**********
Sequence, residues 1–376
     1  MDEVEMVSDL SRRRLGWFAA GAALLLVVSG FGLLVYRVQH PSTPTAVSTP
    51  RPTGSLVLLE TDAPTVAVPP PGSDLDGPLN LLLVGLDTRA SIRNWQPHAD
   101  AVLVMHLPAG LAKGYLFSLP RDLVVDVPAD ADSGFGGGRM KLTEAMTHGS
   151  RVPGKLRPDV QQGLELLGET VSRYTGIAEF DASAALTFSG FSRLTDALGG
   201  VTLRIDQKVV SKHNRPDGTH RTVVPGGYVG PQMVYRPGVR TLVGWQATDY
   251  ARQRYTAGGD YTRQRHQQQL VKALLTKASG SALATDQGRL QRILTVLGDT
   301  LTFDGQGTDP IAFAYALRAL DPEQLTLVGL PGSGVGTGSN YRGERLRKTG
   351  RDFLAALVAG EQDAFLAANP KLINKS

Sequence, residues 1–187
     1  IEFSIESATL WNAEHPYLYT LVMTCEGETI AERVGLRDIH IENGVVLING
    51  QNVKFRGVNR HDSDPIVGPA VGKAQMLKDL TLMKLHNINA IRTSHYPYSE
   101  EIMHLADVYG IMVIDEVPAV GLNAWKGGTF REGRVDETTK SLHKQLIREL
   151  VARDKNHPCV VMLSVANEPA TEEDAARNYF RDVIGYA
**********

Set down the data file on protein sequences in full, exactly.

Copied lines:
Sequence, residues 1–376
     1  MDEVEMVSDL SRRRLGWFAA GAALLLVVSG FGLLVYRVQH PSTPTAVSTP
    51  RPTGSLVLLE TDAPTVAVPP PGSDLDGPLN LLLVGLDTRA SIRNWQPHAD
   101  AVLVMHLPAG LAKGYLFSLP RDLVVDVPAD ADSGFGGGRM KLTEAMTHGS
   151  RVPGKLRPDV QQGLELLGET VSRYTGIAEF DASAALTFSG FSRLTDALGG
   201  VTLRIDQKVV SKHNRPDGTH RTVVPGGYVG PQMVYRPGVR TLVGWQATDY
   251  ARQRYTAGGD YTRQRHQQQL VKALLTKASG SALATDQGRL QRILTVLGDT
   301  LTFDGQGTDP IAFAYALRAL DPEQLTLVGL PGSGVGTGSN YRGERLRKTG
   351  RDFLAALVAG EQDAFLAANP KLINKS

Sequence, residues 1–187
     1  IEFSIESATL WNAEHPYLYT LVMTCEGETI AERVGLRDIH IENGVVLING
    51  QNVKFRGVNR HDSDPIVGPA VGKAQMLKDL TLMKLHNINA IRTSHYPYSE
   101  EIMHLADVYG IMVIDEVPAV GLNAWKGGTF REGRVDETTK SLHKQLIREL
   151  VARDKNHPCV VMLSVANEPA TEEDAARNYF RDVIGYA